James Madison Papers

To James Madison from Garrett Brower, [31 January 1814]

From Garret Brower

New York [31 January 1814]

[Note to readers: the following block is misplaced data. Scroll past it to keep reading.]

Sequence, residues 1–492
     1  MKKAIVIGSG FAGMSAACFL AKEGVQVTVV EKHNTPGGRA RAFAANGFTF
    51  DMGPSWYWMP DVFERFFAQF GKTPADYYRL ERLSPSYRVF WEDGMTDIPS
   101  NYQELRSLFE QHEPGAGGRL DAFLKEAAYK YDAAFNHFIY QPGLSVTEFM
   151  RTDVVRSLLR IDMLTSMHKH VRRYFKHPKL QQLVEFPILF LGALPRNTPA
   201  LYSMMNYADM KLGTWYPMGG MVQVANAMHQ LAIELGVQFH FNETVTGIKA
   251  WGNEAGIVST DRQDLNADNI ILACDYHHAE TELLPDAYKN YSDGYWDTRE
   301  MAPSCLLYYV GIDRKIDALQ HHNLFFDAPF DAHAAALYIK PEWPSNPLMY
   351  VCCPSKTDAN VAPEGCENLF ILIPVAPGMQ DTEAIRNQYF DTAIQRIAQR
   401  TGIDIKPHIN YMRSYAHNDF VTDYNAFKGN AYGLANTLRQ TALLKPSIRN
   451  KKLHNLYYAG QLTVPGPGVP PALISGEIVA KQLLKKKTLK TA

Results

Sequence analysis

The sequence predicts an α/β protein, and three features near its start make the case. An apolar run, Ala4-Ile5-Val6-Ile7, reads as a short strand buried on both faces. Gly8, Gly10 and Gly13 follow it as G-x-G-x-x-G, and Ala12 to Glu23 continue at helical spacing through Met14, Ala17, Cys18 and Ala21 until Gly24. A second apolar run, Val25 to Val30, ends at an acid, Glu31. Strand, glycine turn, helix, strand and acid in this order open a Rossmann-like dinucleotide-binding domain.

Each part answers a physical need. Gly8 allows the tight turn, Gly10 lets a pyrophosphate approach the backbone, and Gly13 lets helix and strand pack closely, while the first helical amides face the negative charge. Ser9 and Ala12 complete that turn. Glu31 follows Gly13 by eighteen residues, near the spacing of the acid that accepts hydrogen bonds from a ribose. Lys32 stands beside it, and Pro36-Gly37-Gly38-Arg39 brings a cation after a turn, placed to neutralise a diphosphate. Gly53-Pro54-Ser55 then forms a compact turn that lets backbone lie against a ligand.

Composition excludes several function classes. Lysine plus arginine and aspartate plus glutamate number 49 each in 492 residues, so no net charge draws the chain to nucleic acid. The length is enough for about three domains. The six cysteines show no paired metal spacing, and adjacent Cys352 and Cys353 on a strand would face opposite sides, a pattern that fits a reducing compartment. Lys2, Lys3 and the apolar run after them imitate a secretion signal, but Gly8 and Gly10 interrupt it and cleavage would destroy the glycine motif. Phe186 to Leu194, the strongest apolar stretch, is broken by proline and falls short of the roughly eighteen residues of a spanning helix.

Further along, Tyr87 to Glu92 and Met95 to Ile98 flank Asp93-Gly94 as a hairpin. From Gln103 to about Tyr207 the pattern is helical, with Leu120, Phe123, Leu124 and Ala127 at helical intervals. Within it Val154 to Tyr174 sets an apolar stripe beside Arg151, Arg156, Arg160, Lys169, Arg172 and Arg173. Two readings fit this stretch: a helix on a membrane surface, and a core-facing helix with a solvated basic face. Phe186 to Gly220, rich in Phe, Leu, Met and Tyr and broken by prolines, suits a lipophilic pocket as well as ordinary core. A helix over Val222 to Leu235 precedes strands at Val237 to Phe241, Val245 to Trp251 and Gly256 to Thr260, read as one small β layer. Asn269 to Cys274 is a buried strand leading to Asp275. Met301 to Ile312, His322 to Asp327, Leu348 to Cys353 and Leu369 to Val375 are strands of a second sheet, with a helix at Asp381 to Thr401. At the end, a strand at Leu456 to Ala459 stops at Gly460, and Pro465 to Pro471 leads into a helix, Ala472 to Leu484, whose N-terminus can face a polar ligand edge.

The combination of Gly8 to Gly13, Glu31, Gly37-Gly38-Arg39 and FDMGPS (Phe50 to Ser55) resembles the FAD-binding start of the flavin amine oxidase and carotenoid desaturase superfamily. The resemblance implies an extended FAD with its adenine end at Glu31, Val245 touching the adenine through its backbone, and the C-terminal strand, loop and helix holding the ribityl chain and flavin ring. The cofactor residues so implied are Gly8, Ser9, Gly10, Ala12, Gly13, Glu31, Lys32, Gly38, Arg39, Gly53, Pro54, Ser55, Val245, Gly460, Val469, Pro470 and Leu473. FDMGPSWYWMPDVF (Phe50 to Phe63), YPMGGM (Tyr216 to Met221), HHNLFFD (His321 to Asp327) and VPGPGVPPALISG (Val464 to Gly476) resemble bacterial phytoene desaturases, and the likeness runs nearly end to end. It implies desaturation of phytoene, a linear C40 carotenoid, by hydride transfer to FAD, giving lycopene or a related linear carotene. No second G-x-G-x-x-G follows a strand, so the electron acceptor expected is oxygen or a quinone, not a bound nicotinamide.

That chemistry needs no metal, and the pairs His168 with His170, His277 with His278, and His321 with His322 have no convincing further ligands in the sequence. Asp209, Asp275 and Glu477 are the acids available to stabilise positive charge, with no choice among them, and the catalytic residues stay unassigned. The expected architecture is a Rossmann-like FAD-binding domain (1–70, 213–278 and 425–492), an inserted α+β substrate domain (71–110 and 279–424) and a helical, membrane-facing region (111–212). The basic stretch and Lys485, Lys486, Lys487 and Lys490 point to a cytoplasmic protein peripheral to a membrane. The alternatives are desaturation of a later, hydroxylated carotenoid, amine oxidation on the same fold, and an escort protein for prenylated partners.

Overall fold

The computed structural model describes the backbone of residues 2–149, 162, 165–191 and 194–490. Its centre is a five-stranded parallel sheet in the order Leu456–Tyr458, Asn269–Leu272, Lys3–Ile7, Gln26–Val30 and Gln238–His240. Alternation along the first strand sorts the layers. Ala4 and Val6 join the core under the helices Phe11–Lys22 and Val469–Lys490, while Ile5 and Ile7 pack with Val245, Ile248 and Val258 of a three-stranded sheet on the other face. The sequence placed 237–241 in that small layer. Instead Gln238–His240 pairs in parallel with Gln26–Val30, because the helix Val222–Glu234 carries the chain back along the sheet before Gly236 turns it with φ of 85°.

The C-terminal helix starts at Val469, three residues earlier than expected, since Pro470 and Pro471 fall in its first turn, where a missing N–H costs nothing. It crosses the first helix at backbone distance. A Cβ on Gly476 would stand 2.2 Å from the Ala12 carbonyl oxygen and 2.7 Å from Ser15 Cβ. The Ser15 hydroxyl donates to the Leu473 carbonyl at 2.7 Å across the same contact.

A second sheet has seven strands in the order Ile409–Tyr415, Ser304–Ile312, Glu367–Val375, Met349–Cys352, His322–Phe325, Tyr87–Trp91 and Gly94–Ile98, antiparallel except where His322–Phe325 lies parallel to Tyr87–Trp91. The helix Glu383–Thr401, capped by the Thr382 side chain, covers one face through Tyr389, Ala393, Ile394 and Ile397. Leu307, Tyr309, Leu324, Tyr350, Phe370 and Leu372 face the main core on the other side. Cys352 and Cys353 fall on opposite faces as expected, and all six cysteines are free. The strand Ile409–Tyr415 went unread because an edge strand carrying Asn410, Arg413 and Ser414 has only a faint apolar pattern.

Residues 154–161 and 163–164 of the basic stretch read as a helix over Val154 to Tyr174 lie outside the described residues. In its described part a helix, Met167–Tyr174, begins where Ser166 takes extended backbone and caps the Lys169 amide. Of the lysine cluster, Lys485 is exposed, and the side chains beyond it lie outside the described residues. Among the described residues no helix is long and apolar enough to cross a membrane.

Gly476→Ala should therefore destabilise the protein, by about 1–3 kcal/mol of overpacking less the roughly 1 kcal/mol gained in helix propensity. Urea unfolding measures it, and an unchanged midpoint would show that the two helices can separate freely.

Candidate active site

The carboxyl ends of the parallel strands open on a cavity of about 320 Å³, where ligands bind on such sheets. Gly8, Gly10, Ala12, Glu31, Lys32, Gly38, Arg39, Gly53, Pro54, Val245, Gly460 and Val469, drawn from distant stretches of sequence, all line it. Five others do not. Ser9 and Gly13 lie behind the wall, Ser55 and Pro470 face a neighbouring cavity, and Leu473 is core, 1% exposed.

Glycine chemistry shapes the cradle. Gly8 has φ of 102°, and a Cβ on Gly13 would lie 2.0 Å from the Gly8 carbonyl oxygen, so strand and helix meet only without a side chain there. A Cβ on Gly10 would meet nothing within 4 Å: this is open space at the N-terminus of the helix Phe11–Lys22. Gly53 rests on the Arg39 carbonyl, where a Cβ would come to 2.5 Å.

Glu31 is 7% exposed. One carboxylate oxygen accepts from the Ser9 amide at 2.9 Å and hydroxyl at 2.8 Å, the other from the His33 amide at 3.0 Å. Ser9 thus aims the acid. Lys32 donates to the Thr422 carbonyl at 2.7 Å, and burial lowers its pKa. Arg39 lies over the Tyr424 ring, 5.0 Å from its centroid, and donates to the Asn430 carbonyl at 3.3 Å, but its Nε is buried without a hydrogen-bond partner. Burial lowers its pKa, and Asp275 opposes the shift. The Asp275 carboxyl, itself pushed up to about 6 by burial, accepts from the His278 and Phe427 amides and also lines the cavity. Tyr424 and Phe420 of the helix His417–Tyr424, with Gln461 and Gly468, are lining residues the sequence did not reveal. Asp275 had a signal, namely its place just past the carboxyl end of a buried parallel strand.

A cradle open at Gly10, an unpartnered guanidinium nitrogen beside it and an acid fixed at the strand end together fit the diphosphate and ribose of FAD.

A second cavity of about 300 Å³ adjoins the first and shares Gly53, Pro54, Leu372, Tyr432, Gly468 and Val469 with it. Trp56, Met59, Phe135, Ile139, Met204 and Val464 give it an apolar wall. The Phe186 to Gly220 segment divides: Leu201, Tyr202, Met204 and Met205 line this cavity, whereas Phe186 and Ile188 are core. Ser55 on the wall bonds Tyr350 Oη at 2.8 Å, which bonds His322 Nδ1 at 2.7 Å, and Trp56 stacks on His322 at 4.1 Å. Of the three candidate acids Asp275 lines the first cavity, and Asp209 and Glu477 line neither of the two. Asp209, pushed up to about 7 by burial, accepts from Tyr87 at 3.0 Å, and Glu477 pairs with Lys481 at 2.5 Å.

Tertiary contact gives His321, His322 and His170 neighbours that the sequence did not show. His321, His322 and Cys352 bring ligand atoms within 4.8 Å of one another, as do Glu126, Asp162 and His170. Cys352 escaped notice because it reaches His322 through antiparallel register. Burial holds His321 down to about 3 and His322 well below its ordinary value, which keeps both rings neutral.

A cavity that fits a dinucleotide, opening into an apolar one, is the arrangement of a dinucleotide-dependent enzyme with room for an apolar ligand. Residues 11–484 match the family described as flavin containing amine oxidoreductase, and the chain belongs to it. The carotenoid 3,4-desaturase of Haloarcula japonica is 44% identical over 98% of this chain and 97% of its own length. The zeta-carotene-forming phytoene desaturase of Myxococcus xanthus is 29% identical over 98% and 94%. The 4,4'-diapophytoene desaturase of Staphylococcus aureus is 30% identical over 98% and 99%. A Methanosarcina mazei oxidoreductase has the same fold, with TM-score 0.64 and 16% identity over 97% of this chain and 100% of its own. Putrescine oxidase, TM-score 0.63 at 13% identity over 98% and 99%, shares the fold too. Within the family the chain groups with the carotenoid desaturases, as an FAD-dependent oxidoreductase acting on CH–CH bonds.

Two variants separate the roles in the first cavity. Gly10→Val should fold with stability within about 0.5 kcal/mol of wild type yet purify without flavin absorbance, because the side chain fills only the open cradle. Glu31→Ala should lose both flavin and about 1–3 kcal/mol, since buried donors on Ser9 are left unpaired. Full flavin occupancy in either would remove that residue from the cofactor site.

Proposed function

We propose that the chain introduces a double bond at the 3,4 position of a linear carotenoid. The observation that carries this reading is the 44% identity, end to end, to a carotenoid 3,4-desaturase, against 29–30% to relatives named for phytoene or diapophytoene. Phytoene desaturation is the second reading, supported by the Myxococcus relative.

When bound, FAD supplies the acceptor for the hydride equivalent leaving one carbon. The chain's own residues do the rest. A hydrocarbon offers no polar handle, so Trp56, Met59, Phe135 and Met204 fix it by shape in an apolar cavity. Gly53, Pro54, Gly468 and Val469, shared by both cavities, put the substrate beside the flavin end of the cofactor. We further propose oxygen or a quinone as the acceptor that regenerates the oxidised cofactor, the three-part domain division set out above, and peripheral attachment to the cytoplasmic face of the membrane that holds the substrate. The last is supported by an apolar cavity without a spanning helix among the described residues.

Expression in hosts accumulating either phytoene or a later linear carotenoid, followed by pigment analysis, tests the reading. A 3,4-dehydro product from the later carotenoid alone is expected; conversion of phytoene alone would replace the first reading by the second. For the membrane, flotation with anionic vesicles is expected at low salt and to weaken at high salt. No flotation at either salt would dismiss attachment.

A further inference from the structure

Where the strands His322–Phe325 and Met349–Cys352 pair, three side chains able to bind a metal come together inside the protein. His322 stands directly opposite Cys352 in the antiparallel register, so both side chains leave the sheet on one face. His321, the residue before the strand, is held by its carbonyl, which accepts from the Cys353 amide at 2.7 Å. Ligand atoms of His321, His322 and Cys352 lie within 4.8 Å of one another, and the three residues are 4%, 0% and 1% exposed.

The posishon of the right Devishon of oure armey will give couse for the enemey to prepare for its reseption at montreyall by the opning of next campane in this I hope he may be Disappointed as it wold plase oure advance two far from its rear and indanger its resorsces it wold be expedient to take prescot witch wold be a support to that part of oure armey that mite lay around kingston the right devishon of oure armey to take a posishon on the opposet bank of the st. larence from the french mills with a fue rigments of hors to coure the cuntrey and watch the pases &c. To Drive the enemey intierley from that land that layes betwen grand river and st. larence and take a posishon betwen the entrence of grand river and st. larence mite be suffishent to cut the enemey off from lake ontareo but when we think of hudson bay and its communication to kingston we wold then ask hue knowes the energey of the enemey or the difacultey he mite surmount in traveling thrue that cuntrey; to plase oure advance in montreyall; hear the enemey at lake ontareo mite colect his hoole force at kingston and or part and cume down on oure resarve wile thare fleet protected that town under theas and other considderations I think it best to plase oure hoole posebel force against lake ontareo and Drive the enemey all together in to kingston or trye to cut that part of his armey off that layes at fort gorge and starve or beat the rest out that layes in kingston by ceaping close around it. A fue rigments of mounted infentrey to be plast as hearafter shall be menshenad will be wanting; aline of signels from kingston thru prescot ogdensburgh french mils foure corners to platsburgh will be usefool everreything should be prepard before the armey muvd, p[l]anks to lay on skowes for a bridg Flags for signels and evrey other thing that mite be wanting; if a skow cant lay to anker on account of the swiftness of the warter I can make up for that Defishencey if theas posishons take plase in popper time oure fleet may not be required to fire a singel gun. Dun in Newyork on the 31th. of January 1814 by your excelenceys most humbel servent